Last week was the 84th anniversary of the Lehi Round-Up Rodeo, the centerpiece of the celebration of all things Lehi during the last full week of June. The Rodeo Committee is staffed with dozens of amazing people, but they couldn’t put on a three-night rodeo without the hundreds of volunteers from all over the city.
“After surviving that first harsh winter here in Lehi, Bishop Evans wanted to celebrate and do something as a town. They had a parade, going around and around inside the fort,” Stan Lewis told the 2021 Round-Up volunteers in a training meeting a week before the celebrations. Today, the money made on concessions finances the parades. “Every dollar we make on rodeo burgers goes back into the parade,” Lewis said.
This year, the Round-Up committee gave LDS wards in Lehi short notice to make mini floats for the Friday night parade because they weren’t certain all the COVID-19 restrictions would be lifted in time. “We are so grateful to be able to celebrate this year. We don’t have to wear masks, do any social distancing. We have a full schedule of events and great family entertainment,” Lewis continued.
For decades, LDS wards in Lehi have volunteered their time working at the Round-Up Rodeo in addition to making mini floats for the parades. During the three nights of the rodeo, volunteers (some who have no interest in rodeos) serve as ushers, parking attendants, clean-up crew, security and concessions. Mike Russon, a member of the Rodeo Concessions Committee, explained, “Running the rodeo with volunteers goes back to the roots of Lehi. We want it to have a hometown feel, to keep our family values in place. We don’t want it to feel like a business, or to have a corporate sponsor dictating to us.”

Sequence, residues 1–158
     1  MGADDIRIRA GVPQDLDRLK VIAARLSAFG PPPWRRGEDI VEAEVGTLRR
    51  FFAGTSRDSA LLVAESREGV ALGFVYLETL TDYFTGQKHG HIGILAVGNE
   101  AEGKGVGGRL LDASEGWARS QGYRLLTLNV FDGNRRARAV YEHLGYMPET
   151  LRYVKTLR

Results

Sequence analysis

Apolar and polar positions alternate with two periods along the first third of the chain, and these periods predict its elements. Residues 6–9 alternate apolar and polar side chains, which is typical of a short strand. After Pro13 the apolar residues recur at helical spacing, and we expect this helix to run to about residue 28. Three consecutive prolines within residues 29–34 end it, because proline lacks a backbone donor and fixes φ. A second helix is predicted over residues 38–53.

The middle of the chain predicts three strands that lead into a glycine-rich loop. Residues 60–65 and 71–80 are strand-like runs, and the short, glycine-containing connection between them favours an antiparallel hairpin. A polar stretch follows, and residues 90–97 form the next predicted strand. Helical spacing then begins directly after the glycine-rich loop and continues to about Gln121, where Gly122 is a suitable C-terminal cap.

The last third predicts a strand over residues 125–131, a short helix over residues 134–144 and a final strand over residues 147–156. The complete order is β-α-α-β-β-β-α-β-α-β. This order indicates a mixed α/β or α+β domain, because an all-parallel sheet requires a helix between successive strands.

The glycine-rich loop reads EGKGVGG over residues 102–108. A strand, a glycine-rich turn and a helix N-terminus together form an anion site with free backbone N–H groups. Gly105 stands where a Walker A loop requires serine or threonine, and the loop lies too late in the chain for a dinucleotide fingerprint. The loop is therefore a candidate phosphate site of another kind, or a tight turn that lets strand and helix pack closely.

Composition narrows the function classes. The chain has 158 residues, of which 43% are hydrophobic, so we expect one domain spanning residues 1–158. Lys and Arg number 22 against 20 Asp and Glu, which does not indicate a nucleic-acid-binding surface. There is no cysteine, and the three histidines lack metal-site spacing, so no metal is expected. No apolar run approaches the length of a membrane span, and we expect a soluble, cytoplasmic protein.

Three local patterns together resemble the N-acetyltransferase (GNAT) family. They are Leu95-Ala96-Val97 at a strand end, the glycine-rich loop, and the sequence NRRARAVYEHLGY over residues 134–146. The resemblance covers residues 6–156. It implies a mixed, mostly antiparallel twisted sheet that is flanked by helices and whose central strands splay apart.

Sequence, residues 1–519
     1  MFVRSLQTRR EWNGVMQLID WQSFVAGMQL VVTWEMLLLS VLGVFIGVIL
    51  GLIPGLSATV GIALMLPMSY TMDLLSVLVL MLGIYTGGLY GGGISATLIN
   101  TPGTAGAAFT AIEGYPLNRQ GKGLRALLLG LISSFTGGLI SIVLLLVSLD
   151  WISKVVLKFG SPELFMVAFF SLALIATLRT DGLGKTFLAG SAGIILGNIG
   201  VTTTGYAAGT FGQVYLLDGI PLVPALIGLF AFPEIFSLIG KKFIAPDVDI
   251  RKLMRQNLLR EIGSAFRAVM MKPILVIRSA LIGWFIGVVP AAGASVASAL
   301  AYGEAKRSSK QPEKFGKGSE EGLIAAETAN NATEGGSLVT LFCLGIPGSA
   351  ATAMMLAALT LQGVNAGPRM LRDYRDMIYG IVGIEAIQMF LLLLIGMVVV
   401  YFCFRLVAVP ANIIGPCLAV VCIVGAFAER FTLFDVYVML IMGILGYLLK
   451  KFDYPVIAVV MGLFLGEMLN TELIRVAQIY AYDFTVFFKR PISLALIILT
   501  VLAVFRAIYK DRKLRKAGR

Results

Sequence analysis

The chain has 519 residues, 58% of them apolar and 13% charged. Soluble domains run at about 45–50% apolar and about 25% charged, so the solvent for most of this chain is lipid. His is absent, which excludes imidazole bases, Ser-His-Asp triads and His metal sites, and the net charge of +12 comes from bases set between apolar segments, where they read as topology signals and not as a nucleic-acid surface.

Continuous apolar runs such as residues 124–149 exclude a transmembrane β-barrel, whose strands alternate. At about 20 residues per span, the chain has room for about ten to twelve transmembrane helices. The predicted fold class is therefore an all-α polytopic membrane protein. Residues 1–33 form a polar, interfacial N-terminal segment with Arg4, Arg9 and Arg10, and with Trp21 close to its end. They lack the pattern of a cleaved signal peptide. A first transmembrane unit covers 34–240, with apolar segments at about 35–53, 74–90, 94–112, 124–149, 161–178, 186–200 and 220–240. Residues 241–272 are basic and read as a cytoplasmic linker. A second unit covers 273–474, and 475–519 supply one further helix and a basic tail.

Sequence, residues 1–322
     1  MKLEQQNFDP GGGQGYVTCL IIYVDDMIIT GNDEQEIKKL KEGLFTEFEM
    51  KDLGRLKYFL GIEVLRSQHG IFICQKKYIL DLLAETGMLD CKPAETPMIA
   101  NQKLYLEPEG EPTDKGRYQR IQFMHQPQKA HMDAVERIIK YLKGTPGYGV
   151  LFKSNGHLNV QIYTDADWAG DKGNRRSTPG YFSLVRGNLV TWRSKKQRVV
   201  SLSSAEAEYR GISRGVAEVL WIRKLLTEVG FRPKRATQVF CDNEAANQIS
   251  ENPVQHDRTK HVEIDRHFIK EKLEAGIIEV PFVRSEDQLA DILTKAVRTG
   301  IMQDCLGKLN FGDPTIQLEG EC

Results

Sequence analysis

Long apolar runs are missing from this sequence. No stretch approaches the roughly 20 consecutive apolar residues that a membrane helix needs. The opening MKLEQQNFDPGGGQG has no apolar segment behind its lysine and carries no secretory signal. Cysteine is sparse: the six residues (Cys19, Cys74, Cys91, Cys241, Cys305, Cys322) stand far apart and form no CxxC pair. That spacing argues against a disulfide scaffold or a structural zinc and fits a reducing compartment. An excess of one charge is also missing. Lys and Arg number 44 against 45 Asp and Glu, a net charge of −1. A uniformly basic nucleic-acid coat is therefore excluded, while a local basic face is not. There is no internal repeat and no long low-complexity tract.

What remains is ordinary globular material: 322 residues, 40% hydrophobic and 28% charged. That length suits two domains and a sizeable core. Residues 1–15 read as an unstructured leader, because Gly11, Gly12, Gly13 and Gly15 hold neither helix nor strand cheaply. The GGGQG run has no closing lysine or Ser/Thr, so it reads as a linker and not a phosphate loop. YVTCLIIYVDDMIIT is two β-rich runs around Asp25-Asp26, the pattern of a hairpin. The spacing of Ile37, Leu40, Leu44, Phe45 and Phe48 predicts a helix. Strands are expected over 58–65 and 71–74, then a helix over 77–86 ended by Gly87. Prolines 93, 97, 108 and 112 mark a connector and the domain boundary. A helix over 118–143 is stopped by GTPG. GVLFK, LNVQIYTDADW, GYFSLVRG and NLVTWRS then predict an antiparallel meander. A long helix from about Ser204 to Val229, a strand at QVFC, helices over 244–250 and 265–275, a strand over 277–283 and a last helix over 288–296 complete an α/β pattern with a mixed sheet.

The bulk of the volunteers work concessions at two shacks on the north and south side of the arena. Each shack needs 50 volunteers for each night of the rodeo. One of the highlights of the Round-Up Rodeo is the Rodeo Burger – between the two concession booths, they make about 10,000 burgers over the course of the three nights. For as long as anyone can remember, Kohler’s has been supplying the meat, buns, lettuce, and the closely guarded Secret Sauce. Only a few have the recipe and Kohler’s even sells the sauce by the pint, but only during Round-Up Week.
For hours before and during the rodeo, volunteers cooked burgers and hot dogs, assembled burgers, make nachos, took orders at the windows, made snow cones, and ran between all the stations making sure supplies were filled. It’s a hot and frantic four-hour race for three nights, but everyone is smiling and customers have an extra measure of patience. The opportunity to work side-by-side with neighbors doesn’t happen very often anymore. “Once we instill the desire to be civic-minded, we get people coming forward a few months later asking how they can help the Rodeo Committee,” said Mike Russon. Those who have been serving on the committee for years love to see others catch the vision.
“Our hope is that everyone enjoys themselves, that everyone who comes to Lehi and comes to the rodeo and parades goes away thinking what a nice place this is. We want them to see that Lehi is just a little bit of heaven for a week,” said Lewis.